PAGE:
Hurricanes arise when several conditions occur simultaneously (Slide No. 8). They are defined as low-pressure weather systems that get their energy from the latent heat that results from the condensation of vapor over warm tropical ocean waters. For a hurricane to form, the temperature of the surface ocean waters to a depth of at least 60 meters must remain at 26°C or higher over several days. A low-pressure area, with air-mass convergence in the lower part of the atmosphere, is also required. In this low-pressure area, the winds must be hot and humid.
The hurricanes that travel through the islands of the Caribbean start out over West Africa's coastal waters as a tropical disturbance. If the conditions are propitious, they increase in intensity until they become tropical depressions (winds of up to 63 km/h), then tropical storms (sustained winds of between 63 and 118 km/h), and finally-and most destructively-hurricanes, with sustained wind speeds greater than 119 km/h (Slide No. 9).
The conditions most likely to breed hurricanes in the Atlantic and Caribbean are prevalent each year from 1 June to 30 November-the hurricane season. Meteorologists employ anemographs along a series of hydrometric stations in order to measure and record wind velocity during hurricanes (Slide No. 10) .
Hurricanes are classified according to their intensity, which is measured in two ways: their minimum central barometric pressure, or their maximum wind velocity. A direct relationship between the two forms of measurement can be determined through mathematical models based on theoretical and empirical information.
In the early 1970s, Herbert Saffir and Robert Simpson compiled a table classifying hurricanes according to those parameters and specifying the damage caused by each category (Slide No. 11). The Saffir-Simpson scale, which identifies five increasingly destructive levels of hurricanes from Category 1 to Category 5, has been adopted in the Americas to portray hurricane intensity. Based on data collected, annual comparisons have been made regarding the number and categories of hurricanes that have affected the Caribbean and North Atlantic over the past 50 years (Slide No. 12) .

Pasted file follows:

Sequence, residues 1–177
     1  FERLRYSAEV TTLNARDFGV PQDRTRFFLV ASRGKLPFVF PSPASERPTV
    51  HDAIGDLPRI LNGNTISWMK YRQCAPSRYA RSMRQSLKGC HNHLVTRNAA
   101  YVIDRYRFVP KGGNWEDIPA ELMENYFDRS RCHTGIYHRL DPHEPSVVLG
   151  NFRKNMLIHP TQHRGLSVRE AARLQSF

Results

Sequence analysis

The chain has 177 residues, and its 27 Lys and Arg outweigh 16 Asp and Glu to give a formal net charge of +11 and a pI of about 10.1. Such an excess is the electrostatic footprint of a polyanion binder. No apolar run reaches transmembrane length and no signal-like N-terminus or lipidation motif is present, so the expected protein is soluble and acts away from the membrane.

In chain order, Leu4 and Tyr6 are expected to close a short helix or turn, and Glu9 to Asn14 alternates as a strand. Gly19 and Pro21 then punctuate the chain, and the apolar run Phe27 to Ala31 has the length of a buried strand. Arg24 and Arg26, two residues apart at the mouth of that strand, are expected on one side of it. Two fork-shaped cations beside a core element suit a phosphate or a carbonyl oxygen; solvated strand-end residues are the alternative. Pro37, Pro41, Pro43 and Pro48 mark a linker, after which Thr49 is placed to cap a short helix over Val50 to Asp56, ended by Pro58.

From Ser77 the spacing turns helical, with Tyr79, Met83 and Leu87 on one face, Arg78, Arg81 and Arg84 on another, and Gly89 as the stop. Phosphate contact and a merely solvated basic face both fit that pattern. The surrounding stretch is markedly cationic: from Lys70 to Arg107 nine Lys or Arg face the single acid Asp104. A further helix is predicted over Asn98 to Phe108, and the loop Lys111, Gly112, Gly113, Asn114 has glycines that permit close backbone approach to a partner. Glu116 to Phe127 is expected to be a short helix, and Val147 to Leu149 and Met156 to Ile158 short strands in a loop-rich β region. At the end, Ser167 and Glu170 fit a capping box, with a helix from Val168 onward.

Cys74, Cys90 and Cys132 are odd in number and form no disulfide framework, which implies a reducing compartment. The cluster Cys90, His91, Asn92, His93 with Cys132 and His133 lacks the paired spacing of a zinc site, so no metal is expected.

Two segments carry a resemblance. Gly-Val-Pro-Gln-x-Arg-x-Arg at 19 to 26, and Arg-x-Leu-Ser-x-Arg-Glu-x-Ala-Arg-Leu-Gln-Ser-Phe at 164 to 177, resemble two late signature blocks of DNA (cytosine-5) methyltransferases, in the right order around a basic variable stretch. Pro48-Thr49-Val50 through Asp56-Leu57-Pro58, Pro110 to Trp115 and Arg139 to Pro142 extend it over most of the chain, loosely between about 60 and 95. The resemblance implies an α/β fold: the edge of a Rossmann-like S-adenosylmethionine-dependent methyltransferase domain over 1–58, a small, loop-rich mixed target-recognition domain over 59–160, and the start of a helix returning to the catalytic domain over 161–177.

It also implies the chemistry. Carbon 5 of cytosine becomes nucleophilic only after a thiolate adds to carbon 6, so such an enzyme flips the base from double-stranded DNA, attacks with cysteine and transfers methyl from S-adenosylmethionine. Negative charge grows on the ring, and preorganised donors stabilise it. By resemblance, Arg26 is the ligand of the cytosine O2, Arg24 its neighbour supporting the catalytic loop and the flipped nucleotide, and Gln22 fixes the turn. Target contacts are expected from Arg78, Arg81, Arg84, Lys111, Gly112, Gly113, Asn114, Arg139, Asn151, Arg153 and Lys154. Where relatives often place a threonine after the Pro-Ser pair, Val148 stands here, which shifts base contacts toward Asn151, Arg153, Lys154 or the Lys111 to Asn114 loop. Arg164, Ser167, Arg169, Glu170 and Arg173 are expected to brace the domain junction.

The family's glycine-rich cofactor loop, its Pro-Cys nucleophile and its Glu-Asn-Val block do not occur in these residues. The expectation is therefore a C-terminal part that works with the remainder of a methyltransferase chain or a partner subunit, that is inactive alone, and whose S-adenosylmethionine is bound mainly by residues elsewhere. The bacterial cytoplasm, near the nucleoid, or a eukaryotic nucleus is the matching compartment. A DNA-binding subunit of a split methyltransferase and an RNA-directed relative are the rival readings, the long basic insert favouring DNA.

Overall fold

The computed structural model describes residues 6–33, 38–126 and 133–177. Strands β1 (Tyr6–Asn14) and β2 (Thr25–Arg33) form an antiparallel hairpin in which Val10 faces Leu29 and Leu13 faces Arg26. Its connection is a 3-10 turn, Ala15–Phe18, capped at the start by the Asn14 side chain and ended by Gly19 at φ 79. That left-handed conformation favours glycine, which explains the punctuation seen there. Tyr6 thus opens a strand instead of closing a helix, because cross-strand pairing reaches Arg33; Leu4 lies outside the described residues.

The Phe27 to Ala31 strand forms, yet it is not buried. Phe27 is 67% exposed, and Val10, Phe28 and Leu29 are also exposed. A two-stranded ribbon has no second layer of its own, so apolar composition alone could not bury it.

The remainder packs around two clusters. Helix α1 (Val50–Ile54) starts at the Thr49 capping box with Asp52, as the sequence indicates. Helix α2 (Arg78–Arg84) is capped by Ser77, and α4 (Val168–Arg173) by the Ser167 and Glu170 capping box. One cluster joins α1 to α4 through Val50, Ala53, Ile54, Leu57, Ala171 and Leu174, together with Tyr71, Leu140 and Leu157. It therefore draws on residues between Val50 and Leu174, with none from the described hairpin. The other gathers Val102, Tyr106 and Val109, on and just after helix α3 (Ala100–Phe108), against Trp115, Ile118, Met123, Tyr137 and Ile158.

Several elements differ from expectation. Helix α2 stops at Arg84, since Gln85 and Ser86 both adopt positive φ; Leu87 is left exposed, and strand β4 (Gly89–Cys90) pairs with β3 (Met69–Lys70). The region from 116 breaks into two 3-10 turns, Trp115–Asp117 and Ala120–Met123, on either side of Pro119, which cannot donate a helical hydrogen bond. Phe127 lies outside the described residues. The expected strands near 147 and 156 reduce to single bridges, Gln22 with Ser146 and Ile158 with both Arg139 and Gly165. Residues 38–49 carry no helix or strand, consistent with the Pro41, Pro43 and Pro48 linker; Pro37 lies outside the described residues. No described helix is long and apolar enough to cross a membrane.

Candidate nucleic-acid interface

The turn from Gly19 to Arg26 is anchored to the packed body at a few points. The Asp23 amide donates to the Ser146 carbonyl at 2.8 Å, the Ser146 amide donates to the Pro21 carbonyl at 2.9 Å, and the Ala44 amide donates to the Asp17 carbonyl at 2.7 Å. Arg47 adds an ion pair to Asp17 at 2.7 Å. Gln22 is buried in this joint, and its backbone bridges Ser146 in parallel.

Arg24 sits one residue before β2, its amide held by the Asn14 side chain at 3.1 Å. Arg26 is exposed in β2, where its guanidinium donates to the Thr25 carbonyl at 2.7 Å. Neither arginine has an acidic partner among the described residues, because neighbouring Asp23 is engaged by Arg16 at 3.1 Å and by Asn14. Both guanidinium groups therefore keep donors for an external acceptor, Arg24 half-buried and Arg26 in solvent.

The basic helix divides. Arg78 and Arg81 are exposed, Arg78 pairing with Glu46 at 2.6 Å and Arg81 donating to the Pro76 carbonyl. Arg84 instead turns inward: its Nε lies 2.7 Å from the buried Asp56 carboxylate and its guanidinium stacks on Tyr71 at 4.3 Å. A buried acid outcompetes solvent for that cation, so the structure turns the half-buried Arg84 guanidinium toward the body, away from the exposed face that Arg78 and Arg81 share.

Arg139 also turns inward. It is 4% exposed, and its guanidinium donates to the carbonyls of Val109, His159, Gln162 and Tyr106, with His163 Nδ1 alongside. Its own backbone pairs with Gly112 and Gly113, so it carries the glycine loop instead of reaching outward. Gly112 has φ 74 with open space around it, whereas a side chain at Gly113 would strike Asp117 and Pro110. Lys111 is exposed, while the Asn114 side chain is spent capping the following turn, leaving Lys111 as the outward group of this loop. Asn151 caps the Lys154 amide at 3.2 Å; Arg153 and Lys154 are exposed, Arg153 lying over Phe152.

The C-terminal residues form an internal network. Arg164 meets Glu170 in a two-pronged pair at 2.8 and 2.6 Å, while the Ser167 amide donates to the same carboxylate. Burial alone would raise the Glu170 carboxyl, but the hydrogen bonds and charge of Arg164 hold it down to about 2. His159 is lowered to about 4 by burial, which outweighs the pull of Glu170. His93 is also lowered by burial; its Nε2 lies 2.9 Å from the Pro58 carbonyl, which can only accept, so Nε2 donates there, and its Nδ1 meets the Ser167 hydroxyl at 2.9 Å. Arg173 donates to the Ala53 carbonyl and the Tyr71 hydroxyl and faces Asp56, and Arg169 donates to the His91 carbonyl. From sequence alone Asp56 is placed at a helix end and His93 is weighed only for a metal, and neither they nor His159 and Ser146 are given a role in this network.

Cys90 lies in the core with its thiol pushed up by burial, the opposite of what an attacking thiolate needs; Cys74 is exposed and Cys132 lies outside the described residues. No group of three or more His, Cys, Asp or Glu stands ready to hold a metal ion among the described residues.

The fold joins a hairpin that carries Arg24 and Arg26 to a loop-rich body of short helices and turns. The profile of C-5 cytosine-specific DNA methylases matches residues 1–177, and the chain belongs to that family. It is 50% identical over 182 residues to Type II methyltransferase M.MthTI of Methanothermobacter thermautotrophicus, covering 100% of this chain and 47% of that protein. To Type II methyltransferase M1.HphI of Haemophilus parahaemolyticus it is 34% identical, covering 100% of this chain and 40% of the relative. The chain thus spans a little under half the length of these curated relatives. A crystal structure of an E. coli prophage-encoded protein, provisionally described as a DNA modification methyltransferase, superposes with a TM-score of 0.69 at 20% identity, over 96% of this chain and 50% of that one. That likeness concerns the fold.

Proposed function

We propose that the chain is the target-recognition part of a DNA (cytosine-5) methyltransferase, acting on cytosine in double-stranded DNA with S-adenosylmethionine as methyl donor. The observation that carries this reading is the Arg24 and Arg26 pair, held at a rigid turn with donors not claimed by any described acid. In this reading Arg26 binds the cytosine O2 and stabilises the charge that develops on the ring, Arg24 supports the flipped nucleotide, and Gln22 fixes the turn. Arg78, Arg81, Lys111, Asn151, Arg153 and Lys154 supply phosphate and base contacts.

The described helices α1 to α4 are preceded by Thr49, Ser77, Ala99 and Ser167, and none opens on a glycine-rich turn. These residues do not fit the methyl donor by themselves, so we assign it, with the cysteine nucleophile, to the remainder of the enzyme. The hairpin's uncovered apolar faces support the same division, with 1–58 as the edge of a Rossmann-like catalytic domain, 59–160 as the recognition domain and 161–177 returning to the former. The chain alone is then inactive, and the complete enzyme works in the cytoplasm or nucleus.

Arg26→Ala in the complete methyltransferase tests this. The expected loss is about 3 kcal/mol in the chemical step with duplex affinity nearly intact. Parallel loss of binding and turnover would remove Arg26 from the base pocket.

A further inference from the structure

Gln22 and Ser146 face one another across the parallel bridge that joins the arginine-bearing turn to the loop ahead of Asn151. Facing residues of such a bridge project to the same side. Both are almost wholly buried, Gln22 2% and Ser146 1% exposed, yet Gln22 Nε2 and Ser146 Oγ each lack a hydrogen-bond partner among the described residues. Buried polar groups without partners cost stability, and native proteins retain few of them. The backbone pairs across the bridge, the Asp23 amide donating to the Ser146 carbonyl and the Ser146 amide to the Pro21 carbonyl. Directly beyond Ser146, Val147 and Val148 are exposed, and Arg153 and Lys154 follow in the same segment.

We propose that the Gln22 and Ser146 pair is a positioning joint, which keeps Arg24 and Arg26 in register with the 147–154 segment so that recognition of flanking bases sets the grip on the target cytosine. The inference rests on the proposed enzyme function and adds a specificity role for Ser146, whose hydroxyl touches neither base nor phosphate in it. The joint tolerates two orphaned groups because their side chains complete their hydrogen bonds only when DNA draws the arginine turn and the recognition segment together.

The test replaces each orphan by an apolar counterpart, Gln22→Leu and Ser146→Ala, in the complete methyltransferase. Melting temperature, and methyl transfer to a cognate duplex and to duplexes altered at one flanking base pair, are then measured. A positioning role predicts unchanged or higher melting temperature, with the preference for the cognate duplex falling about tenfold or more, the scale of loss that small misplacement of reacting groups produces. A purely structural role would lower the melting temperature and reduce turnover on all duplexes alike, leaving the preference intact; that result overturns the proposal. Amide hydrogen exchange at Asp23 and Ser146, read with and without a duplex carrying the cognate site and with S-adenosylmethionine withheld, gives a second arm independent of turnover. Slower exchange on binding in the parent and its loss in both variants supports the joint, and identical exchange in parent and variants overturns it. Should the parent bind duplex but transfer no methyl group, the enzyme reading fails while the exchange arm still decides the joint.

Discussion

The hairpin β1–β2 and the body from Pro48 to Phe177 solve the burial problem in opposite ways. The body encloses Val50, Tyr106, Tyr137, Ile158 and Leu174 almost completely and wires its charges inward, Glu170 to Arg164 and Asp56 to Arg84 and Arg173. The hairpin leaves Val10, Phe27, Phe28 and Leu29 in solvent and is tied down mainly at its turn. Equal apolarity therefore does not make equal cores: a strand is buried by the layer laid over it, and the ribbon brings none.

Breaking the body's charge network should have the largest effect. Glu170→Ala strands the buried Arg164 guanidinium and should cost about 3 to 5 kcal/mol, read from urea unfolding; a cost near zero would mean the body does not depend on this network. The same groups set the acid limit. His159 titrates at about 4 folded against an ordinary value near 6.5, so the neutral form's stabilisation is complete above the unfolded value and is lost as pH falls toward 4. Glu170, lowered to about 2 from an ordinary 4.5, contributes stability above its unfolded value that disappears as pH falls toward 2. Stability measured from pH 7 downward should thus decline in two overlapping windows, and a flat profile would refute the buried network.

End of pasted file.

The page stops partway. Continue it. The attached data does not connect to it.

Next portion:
The location of a building vis-à-vis the impact of strong winds (Slide No. 13), as well as the presence of other buildings of smaller size (Slide No. 14), can cause increases in wind speed and turbulence affecting both the front (windward wall) and the back (leeward wall) of the facility, significantly increasing the wind's basic pressure. Other conditions, such as openings in the lower part of buildings, cause an unusual increase in wind velocity (Slide No. 15) as well as turbulence behind the buildings.
The same is true for buildings with gable roofs, where the wind induces turbulence affecting the rear and side walls as well as the leeward part of the roof (Slide No. 16).
The pressure exerted by strong winds on the structural system is a function of the dynamic part of Bernoulli's equation (Slide No. 17), known as basic pressure, which is modified by the following factors :
Different International Standards (Slide No. 18) show several ways to measure the basic and design pressure (Slide No. 19) and also the different types of buildings and structures under study (Slide No. 20).
Noting that the trend is to follow ASCE-7 and International Building Code (IBC) philosophy, we introduce, as an example, the formulas, tables, and notations of both standards (Slide No. 21).